Eight years after he seized power in a bloodless coup, Pakistani President Pervez Musharraf looks set to cruise to re-election on Saturday as the two-chamber parliament and four provincial assemblies cast their votes, despite calls for him to be barred from running.
Here are five facts about Pervez Musharraf, whose five-year term as president expires in November:
* The second of three brothers, Musharraf was born into a middle class Muslim family in India in August 1943. His family moved to the newly created majority-Muslim state of Pakistan following India's independence and partition in 1947. He spent seven years in Turkey, during his civil servant father's posting to Ankara. In 1956 the family settled in Karachi, where Musharraf attended Roman Catholic and other Christian schools.
* Entering the Pakistan Military Academy in 1961, the keen sportsman and career military man first saw action as a young officer in the 1965 war against India, which saw him decorated for gallantry. Marrying in 1968, he endured the army's humiliating defeat by India in the 1971 war and served voluntarily for seven years in Pakistan's special service commandos group.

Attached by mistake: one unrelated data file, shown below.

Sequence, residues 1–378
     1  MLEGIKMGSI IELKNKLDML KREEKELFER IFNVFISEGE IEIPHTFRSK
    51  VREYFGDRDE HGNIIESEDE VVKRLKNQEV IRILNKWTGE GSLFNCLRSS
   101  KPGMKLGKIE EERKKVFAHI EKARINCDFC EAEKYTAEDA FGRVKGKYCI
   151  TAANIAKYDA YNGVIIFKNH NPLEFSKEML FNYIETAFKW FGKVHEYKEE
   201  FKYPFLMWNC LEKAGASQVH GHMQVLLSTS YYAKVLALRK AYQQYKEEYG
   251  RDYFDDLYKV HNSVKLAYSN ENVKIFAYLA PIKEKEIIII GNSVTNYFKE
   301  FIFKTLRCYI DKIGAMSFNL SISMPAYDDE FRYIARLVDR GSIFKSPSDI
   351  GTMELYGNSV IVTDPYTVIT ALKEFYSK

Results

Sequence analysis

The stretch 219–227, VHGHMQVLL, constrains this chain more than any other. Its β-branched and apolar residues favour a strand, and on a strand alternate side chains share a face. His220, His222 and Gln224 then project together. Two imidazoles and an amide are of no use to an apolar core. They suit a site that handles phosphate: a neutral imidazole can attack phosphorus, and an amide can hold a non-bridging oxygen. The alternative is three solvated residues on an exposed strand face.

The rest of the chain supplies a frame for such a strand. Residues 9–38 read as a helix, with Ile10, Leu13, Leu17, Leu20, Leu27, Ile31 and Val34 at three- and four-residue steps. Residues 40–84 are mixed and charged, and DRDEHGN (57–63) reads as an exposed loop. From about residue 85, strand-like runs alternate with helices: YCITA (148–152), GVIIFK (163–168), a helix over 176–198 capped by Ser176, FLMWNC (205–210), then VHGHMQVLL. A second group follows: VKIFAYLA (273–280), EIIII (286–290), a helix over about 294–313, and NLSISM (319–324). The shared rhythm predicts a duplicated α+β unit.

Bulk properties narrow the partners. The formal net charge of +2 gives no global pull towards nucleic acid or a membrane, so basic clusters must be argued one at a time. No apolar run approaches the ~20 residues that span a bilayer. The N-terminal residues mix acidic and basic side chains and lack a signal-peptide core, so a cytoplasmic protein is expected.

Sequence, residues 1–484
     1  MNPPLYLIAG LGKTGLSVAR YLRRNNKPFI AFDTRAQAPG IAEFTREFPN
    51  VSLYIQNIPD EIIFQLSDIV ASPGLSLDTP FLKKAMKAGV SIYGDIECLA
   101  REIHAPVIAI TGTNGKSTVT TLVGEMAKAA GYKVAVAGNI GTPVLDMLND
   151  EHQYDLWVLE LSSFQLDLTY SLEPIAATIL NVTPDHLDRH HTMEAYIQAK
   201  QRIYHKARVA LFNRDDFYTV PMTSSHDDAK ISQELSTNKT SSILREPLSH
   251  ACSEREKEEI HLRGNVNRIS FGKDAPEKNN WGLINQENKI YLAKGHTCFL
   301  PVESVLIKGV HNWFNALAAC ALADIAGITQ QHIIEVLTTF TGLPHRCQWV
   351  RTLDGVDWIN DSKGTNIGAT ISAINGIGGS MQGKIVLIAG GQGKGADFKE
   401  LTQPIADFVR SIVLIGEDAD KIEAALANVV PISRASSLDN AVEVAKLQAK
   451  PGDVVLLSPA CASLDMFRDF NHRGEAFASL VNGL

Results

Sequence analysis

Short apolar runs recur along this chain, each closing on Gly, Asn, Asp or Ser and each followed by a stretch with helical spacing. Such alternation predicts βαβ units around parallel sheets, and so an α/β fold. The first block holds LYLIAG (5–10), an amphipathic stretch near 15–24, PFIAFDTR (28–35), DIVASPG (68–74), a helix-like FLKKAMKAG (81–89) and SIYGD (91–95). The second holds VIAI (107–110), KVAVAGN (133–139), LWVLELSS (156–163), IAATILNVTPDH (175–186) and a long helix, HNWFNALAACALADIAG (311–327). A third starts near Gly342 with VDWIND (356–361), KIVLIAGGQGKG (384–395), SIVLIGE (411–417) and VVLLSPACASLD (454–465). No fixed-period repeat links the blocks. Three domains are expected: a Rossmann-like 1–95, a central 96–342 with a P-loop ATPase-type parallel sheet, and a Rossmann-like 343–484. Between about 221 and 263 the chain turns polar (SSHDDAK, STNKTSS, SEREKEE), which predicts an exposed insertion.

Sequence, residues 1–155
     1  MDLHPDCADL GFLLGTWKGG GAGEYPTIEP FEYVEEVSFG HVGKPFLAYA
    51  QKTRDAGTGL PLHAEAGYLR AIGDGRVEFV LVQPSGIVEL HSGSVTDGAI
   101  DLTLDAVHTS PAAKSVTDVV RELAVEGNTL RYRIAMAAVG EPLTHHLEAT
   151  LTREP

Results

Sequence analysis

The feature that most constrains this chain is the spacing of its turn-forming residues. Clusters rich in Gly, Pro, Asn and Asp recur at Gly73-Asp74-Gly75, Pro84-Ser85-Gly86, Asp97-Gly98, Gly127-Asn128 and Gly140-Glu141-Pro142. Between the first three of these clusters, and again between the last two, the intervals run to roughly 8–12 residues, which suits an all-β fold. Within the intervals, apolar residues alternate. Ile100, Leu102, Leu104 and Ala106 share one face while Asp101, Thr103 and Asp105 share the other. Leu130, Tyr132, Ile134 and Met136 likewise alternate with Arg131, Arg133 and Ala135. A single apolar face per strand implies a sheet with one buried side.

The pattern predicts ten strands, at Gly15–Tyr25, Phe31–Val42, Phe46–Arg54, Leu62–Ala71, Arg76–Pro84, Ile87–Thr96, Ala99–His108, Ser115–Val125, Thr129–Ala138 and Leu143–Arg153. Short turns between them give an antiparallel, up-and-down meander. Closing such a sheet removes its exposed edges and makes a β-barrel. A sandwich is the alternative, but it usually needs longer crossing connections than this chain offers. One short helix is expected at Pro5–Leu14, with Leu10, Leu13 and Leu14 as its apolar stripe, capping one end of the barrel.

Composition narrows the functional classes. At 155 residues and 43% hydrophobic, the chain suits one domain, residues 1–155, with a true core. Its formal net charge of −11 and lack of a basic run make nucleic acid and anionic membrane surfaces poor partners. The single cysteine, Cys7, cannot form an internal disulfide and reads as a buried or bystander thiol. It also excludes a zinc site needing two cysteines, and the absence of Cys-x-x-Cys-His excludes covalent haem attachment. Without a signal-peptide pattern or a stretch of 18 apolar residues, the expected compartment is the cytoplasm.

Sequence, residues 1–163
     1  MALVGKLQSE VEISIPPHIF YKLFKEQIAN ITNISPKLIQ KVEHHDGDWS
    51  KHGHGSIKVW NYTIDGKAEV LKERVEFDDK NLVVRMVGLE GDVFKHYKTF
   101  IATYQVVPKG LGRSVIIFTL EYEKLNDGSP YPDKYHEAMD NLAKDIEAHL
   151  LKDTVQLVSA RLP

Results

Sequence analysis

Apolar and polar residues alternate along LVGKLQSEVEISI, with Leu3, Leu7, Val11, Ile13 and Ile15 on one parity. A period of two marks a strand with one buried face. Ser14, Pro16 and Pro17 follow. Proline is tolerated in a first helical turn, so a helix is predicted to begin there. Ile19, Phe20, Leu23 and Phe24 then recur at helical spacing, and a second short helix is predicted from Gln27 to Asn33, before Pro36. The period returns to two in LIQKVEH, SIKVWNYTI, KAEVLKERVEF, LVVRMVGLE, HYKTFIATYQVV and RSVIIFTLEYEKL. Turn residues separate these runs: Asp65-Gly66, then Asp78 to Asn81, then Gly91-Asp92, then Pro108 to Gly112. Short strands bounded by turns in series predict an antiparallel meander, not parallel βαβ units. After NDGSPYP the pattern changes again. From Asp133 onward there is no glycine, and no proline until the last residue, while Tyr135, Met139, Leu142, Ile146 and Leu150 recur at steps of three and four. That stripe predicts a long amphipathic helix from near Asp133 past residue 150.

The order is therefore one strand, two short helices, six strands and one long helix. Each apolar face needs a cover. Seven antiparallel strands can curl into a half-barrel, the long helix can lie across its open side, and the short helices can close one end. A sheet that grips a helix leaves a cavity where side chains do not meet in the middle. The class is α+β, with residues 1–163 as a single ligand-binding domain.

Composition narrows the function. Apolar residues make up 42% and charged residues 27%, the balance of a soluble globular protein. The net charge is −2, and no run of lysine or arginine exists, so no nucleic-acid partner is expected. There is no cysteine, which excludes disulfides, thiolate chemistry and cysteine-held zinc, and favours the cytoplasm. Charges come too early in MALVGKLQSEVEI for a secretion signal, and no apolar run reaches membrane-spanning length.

* Promoted to the rank of general and named army chief in October, 1998, Musharraf seized power from then Prime Minister Nawaz Sharif in 1999 in a bloodless coup. He first led the country as chief executive and then won a five-year presidential term in a 2002 referendum critics say was rigged.
* One of President George W. Bush's most important non-NATO allies in Washington's war on terrorism, supporters paint Musharraf as a strong leader who can save Pakistan's moderate Muslim majority from militant, religious extremism seeping into
cities from tribal areas along the northwest frontier. However a bloody army assault on Islamabad's Red Mosque in July, during which 102 people were killed, led to a rise in attacks by Islamist militants that have killed several hundred people.
* A failed attempt to sack Chief Justice Iftikhar Chaudhry in March created a judicial and political crisis. Musharraf's popularity slumped and the Supreme Court reinstated Chaudhry. With exiled ex-leaders Benazir Bhutto and Nawaz Sharif threatening to return, Musharraf has made some pre-election concessions -- dropping long-standing graft charges against Bhutto, and designating a successor to take over as army chief so he can finally shed his uniform and be sworn in as a civilian president by November 15.
Source: Reuters, Presidential Web site ( www.presidentofpakistan.gov.pk/Biography.aspx )